S3 Reynolds Number Presentation


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Semester 3
Reynolds Number

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S3 Reynolds Number Presentation

  2. 2. INTRODUCTION  As the water flows from a faucet at a very low velocity, the flow appears to be smooth and steady.  The stream has a fairly uniform diameter and there is little or no evidence of mixing of the various parts of the stream.  This is called laminar flow, a term derived from the word layer, because the fluid appears to be flowing in continuous layers with little or no mixing from one layer to the adjacent layers. Saturday,July27,2013 2 CB306-HYDRAULIC
  3. 3. When the faucet is nearly fully open, the water has a rather high velocity. The elements of fluid appear to be mixing chaotically within the stream. This is a general description of turbulent flow. Saturday,July27,2013 3 CB306-HYDRAULIC
  4. 4. REYNOLDS NUMBER  The behavior of a fluid, particularly with regard to energy losses, it quite dependent on whether the flow is laminar or turbulent, as will be demonstrated later in this chapter.  For this reason we need a means of predicting the type of flow without actually observing it.  Indeed, direct observation is impossible for fluids in opaque pipes. Saturday,July27,2013 4 CB306-HYDRAULIC
  5. 5. It can be shown experimentally and verified analytically that the character of flow in depends on four variables: fluid density, fluids viscosity , Pipe diameter D, and average velocity of flow . Osborne Reynolds was the first to demonstrate that laminar or turbulent flow can be predicted if the magnitude of a dimensionless number, now called the Reynolds number (NR), is known. NR = Saturday,July27,2013 5 CB306-HYDRAULIC
  6. 6. Table 8.1 lists the required units in both the SI metric unit system and the U.S. customary unit system. Converting to these standard units prior to entering data into the calculation for NR is recommended We can demonstrate that the Reynolds number is dimensionless by substituting standard SI units into Eq. (8-1): NR = Saturday,July27,2013 6 CB306-HYDRAULIC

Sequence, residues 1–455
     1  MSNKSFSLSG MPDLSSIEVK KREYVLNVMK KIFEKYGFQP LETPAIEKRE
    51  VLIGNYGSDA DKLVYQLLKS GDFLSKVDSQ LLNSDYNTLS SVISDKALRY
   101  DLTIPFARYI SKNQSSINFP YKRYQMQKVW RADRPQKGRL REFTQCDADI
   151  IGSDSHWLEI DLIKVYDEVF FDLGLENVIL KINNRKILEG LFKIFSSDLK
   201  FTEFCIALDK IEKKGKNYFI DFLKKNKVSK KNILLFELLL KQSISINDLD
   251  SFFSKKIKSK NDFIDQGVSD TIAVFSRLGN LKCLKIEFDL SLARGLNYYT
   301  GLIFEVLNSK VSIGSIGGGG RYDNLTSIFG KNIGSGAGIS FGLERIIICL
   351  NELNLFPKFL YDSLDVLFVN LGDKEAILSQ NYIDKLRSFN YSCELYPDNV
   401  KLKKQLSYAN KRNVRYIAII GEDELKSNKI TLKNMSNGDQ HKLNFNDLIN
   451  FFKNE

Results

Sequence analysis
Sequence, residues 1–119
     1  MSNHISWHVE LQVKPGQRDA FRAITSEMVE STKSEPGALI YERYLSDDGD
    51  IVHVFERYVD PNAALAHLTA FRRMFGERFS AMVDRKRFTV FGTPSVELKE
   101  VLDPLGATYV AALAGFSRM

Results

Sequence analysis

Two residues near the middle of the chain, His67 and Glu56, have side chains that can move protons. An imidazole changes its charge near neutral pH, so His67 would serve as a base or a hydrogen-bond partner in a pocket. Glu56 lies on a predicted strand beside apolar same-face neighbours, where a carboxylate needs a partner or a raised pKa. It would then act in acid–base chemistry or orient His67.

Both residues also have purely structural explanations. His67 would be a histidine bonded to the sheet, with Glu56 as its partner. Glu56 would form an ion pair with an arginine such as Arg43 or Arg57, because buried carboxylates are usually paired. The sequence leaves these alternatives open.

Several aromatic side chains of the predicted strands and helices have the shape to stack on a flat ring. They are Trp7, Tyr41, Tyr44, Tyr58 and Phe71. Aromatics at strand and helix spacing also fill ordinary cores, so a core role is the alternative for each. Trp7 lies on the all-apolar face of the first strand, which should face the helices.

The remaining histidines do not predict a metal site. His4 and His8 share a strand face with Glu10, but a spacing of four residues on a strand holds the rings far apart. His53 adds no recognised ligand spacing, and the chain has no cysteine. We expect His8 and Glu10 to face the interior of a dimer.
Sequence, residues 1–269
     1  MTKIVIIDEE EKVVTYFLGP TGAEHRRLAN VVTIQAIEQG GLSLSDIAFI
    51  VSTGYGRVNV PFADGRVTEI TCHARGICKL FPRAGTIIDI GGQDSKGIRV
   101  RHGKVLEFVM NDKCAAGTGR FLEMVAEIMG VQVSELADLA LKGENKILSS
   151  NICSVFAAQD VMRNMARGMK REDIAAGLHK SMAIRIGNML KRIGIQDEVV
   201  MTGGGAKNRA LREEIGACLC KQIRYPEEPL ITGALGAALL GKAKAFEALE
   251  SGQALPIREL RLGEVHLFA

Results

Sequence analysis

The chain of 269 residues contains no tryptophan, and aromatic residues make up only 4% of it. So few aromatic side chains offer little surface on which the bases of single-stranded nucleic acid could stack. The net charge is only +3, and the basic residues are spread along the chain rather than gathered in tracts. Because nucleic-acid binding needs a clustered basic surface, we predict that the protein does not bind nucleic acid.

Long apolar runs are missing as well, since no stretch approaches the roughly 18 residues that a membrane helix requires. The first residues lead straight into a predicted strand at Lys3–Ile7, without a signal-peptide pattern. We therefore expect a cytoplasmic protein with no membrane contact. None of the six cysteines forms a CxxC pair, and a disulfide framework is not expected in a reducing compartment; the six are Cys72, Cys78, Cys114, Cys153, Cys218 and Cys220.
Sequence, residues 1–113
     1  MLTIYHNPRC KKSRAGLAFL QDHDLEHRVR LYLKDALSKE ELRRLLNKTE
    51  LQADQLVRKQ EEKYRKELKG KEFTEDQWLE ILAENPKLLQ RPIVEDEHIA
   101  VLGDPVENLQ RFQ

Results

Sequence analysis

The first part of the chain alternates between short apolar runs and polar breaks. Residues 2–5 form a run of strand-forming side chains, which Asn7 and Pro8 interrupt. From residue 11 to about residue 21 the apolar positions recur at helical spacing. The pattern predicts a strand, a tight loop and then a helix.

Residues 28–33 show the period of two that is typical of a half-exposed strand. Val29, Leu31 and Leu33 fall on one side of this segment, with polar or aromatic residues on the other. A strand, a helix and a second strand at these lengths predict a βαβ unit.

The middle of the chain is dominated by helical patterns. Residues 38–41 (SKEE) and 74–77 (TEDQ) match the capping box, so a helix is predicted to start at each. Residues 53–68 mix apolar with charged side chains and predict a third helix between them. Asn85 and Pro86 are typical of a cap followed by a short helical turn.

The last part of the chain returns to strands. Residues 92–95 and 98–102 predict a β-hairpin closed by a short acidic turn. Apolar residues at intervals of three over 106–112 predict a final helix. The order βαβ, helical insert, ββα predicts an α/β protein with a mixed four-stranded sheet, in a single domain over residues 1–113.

7. 7.  We can demonstrate that the Reynolds number is dimensionless by substituting standard SI units into Eq. (8-1):  NR =  NR =  Because all units can be cancelled, NR is dimensionless. Saturday,July27,2013 7 CB306-HYDRAULIC
  8. 8.  TABLE 8.1 Standard units for quantities used in the calculation of Reynolds number to ensure that it is dimensionless. Quantity SI Units U.S. Customary Units Velocity m/s Ft/s Diameter m ft Density Kg/m3 or N.s2/m4 Slugs/ft3 or lb.s2/ft4 Dynamic viscosity N.s/m2 or Pa.s or kg/m.s lb.s/ft2 or slugs/ft.s Kinematic viscosity M2/s ft2/s Saturday,July27,2013 8 CB306-HYDRAULIC
  9. 9. CRITICAL REYNOLDS NUMBERS  for practical applications in pipe flow we find that if the Reynolds number for the flow is less than 2000, the flow will be laminar.  If the Reynolds number is greater than 4000, the flow can be assumed to be turbulent.  In the range of Reynolds number between 2000 and 4000, it is impossible to predict which type of flow exist; therefore this range is called the critical region. Saturday,July27,2013 9 CB306-HYDRAULIC
  10. 10. Typical applications involve flow that are well within the laminar flow range or well within the turbulent flow range, so the existence of this region of uncertainty does not cause great difficulty. If the flow in a system is found to be in the critical region, the usual practice is to change the flow rate or pipe diameter to cause the flow to be definitely laminar or turbulent. More precise analysis is then possible. Saturday,July27,2013 10 CB306-HYDRAULIC